Some percentage of residents and fellows across all specialties require remediation during training. Graduate medical education leaders must navigate remediation steps to optimize resident learning and acquisition of skills, preserve patient safety, and maintain the standards of the specialty.1–3 Standardized approaches to performance management are available for program leaders to achieve favorable remediation results.4–9 In 2015–2016, 1110 of 129 720 (0.86%) residents left or did not successfully complete their training program, including 843 residents who withdrew, 249 who were dismissed, and 18 who did not successfully complete training.10 The potential legal implications of successful and unsuccessful remediation are often overlooked. An understanding of the legal landscape surrounding the remediation process is important to protecting stakeholders, including trainees.
Taxonomy of Remediation Terms
A systematic approach to remediation with the use of consistent language is important, as is agreement on terminology by all parties. Remediation is any additional training, supervision, or assistance above what is typical for training in the specialty.6 Two levels of remediation are widely accepted: informal and formal.7 Informal remediation is directed at improving performance and is part of clinical education for a subset of learners. It is generally managed by the program and typically is not reported in future performance reports for the trainee. Formal remediation is based on a decision that the performance or conduct of a learner falls short of program requirements. This may include unsuccessful efforts of informal remediation. Unsuccessful formal remediation has potential long-standing consequences that include further remediation, non-promotion, probation, and even dismissal. Formal remediation may be reported on future reference letters for a trainee, even when completed successfully. Designated Institutional Official notification should occur in all cases of formal remediation and may be advisable with informal remediation in some cases.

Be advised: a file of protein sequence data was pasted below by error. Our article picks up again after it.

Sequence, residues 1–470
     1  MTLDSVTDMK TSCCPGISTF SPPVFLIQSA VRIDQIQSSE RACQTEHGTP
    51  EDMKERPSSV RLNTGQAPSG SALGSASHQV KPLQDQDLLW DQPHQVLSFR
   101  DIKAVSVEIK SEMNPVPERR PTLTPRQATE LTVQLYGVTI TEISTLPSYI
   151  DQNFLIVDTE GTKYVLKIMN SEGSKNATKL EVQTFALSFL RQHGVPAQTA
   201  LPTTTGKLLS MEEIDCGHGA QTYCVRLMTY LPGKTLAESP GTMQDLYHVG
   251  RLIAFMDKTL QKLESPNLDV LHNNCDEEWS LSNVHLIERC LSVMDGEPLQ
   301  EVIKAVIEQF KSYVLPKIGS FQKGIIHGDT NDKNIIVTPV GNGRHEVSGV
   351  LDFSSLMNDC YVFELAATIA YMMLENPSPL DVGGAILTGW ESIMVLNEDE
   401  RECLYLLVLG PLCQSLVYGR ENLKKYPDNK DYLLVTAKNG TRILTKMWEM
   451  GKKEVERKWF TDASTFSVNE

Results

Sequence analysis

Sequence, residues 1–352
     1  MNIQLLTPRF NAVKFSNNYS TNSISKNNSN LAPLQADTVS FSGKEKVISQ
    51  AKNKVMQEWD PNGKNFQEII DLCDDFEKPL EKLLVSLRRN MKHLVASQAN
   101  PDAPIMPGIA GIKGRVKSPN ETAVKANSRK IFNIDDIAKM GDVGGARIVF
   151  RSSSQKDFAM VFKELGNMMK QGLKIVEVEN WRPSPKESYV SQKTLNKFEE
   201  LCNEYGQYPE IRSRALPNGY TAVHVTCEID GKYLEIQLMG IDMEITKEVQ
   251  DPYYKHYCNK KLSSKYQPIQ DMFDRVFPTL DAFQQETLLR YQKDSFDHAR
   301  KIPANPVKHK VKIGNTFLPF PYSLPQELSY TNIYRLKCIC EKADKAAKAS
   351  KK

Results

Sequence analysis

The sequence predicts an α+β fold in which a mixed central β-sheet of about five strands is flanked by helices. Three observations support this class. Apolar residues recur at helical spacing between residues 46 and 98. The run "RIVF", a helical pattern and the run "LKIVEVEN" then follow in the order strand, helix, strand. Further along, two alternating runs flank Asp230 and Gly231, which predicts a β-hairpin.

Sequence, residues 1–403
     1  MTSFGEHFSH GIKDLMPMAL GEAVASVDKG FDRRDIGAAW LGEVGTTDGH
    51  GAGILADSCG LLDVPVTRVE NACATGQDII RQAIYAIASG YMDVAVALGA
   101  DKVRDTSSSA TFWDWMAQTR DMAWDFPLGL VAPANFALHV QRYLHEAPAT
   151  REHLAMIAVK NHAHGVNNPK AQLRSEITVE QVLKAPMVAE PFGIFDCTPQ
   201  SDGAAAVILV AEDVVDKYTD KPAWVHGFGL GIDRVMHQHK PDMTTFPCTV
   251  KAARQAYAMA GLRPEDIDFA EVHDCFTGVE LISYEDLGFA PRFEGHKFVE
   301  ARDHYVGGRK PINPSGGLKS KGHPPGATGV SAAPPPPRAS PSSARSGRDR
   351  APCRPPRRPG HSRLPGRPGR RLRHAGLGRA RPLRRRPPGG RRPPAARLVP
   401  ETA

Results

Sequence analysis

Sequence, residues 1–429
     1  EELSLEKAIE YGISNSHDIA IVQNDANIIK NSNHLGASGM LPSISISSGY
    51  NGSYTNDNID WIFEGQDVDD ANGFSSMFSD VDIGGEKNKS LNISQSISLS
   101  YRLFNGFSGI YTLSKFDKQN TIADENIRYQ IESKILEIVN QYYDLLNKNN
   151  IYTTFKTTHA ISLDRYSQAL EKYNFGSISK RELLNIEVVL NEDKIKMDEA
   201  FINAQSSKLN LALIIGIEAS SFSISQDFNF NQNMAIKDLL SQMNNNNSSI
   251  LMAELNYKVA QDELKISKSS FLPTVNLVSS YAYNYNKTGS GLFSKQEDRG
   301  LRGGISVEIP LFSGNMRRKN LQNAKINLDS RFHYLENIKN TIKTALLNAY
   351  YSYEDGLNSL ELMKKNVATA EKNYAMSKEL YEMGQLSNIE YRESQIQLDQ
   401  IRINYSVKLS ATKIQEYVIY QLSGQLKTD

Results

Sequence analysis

Probation constitutes a kind of last chance for a trainee to correct unacceptable conduct or performance. When making a decision to place a trainee on probation, program leaders should review their institutional policies to confirm their understanding of institutional due process policies for trainees. It is key to note that a program's responsibility to remediate a trainee's performance does not supersede its duty to protect patients from potential harm.11 Therefore, dismissal, nonrenewal of contract, and/or non-reappointment may be necessary if probation fails, or if egregious conduct occurs. Probation status is generally reported on future letters of reference and to licensing boards and employers.